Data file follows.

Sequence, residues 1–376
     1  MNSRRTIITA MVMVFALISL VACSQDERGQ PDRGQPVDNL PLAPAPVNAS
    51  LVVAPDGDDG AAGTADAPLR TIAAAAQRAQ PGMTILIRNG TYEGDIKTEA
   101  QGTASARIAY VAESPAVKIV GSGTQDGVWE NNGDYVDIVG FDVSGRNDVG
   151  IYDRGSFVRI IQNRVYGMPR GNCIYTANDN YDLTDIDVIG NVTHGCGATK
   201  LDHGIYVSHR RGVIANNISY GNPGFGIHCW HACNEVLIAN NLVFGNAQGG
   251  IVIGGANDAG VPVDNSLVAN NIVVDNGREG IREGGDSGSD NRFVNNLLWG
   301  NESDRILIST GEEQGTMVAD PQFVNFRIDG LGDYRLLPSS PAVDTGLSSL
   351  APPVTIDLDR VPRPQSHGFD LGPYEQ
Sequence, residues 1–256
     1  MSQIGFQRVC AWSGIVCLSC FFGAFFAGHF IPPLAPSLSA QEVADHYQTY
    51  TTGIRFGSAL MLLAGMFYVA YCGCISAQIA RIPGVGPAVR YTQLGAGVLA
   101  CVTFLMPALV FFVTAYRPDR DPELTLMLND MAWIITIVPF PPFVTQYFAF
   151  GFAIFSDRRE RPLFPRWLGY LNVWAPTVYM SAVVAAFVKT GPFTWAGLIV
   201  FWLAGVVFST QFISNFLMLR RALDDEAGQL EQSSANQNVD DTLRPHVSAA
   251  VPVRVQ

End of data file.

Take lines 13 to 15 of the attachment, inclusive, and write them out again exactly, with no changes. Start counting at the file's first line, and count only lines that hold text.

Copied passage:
   101  CVTFLMPALV FFVTAYRPDR DPELTLMLND MAWIITIVPF PPFVTQYFAF
   151  GFAIFSDRRE RPLFPRWLGY LNVWAPTVYM SAVVAAFVKT GPFTWAGLIV
   201  FWLAGVVFST QFISNFLMLR RALDDEAGQL EQSSANQNVD DTLRPHVSAA